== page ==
We wouldn’t have the votes in the Security Council. It would escalate the situation. We would move to a very tough point, and as Henry points out, there is a connection to Iran. North Korea is watching the tough language and the tough rhetoric toward Iran. They’re afraid that toughness is coming their way. And we could see both of these situations get out of control very quickly.

RAY SUAREZ: Well, permanent five member China today was far more conciliatory than the United States about the North Korean statement. A foreign ministry spokesman said China has all along being staying in close contact with other parties to strive for the early start of the next round of talks and the favorable results thereof. Would a country that does that be willing to vote with the United States in the Security Council?

HENRY SOKOLSKI: Don’t know. But I have to tell you, the correlation of forces in the U.N. are a lot better than they used to be, largely because of the six-party talks. I think they have served their purpose in demonstrating what is possible through diplomacy with neighbors. And at this moment, I think if you want diplomacy to work with regard to North Korea, it’s a good time to take a time-out.

I’ll tell you why. You have the International Atomic Energy Agency, its director general, the French government, the European Union, the U.S. State Department all of one view that a country that violates and has been identified as having violated by the IAEA should not be allowed to withdraw from the treaty without being identified as a violator and being sanctioned in some fashion.

That is a rare moment. It needs to be taken advantage of. What China will do if it finds itself on the outs, Russia is the question, not China, is worth finding out. I can tell you this: If you don’t even try to identify them as a violator, this is your last chance. You’re not going to get as clear a case. Iran is not as clear a case for sure. And if you want to go to the U.N. on Iran, you better first make sure that you go to the U.N. with regard to North Korea.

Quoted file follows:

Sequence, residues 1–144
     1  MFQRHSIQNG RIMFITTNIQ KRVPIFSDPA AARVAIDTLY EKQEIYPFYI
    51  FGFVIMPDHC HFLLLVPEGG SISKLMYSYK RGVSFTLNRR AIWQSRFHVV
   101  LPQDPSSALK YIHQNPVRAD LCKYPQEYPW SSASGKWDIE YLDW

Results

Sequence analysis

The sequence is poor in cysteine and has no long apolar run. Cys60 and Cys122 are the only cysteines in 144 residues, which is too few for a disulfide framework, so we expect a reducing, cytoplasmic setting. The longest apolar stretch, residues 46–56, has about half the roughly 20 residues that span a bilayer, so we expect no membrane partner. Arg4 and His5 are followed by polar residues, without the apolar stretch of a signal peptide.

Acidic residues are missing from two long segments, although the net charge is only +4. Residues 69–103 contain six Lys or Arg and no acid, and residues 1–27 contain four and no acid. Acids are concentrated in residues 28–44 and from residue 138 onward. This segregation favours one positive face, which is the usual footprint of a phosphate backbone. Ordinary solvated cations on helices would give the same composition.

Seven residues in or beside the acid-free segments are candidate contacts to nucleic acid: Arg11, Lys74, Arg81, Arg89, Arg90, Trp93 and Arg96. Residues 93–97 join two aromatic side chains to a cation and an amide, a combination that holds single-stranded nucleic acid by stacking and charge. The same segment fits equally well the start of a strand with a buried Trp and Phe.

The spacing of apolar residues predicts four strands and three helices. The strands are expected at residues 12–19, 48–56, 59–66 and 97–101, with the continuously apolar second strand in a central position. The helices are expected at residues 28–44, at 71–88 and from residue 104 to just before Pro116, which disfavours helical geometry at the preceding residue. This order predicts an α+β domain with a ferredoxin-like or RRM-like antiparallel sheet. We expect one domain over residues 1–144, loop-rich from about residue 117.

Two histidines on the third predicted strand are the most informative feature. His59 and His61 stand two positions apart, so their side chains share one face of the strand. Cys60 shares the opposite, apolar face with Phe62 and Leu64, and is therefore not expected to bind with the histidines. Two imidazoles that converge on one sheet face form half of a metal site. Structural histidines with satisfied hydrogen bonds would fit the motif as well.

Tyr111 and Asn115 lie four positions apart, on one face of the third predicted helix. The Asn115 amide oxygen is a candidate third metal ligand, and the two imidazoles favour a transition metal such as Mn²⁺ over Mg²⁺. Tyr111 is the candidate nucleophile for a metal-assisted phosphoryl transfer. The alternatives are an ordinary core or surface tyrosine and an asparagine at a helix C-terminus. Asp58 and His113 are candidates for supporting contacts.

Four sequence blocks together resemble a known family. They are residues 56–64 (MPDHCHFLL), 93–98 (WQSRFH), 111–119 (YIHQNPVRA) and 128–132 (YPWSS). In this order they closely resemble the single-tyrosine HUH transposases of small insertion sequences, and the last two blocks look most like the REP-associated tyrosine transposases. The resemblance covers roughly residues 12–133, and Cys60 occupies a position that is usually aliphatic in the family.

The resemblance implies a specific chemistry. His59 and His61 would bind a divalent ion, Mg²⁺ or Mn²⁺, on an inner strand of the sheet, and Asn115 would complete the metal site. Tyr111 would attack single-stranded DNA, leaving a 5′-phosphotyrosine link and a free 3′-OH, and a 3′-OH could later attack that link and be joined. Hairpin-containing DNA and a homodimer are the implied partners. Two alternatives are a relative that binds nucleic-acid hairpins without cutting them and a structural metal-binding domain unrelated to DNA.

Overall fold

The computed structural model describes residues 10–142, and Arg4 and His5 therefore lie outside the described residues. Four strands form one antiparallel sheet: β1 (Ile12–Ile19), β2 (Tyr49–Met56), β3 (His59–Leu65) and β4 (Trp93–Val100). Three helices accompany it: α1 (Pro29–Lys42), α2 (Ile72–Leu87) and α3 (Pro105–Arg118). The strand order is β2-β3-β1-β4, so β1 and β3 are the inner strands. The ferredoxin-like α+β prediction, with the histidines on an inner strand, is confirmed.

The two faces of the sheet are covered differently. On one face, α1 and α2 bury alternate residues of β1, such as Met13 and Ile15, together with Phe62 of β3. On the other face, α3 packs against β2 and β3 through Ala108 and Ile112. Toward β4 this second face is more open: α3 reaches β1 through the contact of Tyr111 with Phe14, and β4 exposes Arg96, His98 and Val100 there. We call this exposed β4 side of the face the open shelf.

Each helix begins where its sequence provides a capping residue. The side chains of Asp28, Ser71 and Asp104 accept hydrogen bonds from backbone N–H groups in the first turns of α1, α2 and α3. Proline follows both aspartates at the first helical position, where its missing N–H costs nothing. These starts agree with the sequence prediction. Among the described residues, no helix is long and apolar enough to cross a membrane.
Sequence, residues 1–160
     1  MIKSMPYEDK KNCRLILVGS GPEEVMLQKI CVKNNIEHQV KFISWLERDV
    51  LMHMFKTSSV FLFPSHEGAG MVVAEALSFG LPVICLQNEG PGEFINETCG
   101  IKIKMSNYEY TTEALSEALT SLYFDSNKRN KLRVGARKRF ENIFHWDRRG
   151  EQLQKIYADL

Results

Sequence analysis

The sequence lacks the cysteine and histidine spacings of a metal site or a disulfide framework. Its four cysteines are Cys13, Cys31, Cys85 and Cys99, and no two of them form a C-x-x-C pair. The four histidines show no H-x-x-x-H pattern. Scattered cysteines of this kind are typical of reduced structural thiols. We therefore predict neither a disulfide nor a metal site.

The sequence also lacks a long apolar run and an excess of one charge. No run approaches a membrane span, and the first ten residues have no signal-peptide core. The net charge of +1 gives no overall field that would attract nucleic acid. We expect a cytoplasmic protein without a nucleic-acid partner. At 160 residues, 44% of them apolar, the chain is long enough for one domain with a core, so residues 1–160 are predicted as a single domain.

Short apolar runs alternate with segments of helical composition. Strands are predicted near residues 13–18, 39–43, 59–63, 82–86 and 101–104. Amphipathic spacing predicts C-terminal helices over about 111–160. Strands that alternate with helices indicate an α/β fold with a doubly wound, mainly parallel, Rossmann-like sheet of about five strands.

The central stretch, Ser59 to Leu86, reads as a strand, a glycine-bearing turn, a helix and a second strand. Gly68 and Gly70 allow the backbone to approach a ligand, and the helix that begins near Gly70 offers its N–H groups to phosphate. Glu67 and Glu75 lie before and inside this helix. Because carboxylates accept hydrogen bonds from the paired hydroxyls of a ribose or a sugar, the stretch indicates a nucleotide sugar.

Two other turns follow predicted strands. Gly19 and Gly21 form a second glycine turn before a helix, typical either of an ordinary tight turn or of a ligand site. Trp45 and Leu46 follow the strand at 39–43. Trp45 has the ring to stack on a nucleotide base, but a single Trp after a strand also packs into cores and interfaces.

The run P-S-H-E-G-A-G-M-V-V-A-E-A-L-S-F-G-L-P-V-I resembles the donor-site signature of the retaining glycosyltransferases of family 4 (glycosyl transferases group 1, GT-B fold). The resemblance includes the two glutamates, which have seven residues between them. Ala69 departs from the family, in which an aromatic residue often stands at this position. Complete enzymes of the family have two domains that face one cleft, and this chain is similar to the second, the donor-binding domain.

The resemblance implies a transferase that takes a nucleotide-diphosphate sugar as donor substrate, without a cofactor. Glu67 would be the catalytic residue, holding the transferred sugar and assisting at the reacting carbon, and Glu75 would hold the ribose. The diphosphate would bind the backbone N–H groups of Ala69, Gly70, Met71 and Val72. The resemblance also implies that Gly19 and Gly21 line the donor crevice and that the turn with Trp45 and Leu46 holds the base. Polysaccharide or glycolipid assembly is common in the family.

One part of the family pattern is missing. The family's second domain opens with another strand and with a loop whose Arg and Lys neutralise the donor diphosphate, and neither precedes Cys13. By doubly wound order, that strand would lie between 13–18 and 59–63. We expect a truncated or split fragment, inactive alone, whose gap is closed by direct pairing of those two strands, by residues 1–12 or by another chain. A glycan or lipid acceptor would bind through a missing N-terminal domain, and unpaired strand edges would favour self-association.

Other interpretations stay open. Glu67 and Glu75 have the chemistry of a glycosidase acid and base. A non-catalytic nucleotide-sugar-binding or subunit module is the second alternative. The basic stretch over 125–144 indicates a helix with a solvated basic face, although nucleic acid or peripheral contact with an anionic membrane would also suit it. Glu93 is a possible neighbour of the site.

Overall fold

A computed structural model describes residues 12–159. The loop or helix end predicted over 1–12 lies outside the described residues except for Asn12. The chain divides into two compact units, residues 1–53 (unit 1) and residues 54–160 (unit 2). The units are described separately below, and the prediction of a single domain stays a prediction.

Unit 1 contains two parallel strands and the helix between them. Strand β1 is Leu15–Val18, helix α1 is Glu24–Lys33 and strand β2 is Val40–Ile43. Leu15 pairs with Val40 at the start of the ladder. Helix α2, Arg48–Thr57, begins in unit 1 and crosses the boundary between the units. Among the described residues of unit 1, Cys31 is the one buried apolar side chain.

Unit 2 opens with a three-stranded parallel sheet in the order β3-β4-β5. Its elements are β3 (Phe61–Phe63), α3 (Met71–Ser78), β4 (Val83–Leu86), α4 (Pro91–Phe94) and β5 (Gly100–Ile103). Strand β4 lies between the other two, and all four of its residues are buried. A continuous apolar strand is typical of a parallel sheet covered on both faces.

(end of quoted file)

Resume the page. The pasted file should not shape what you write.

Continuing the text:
RAY SUAREZ: Wendy Sherman, what do you think of that suggestion?

WENDY SHERMAN: I think that we’re a ways away of taking action in the Security Council. The votes aren’t there but we haven’t really tried diplomacy in either the situation of Iran or North Korea.

In the situation of Iran, we have said that the Europeans can negotiate with Iran, but we will not join them in those talks. We’ll be the bad cop. They can be the good cop. In the North Korean situation, we have come to the six-party talks, but until recently have not put a proposal on the table, and even when we put the proposal on the table, we were really not willing to discuss it until North Korea took all the actions that we wanted them to take.

Tough negotiations where we get more than we give and that means ensuring the security of the United States of America is worth the dialogue, is worth the negotiation is worth taking the six-party talks seriously, and we have yet to really do that.

RAY SUAREZ: What did you make of the statements from senior administration officials today? You had the secretary of state responding to the North Korean announcement as if it was true, and the secretary of defense saying, well, I have no proof, no reason to say beyond a shadow of a doubt that North Korea has nuclear weapons.

WENDY SHERMAN: I think there was something similar about both of them, and that was trying to take a low-key approach, to not let this escalate out of control. I disagreed with the tone of it in the sense of saying that this is really about North Korea changing their behavior. They’re just isolating themselves further.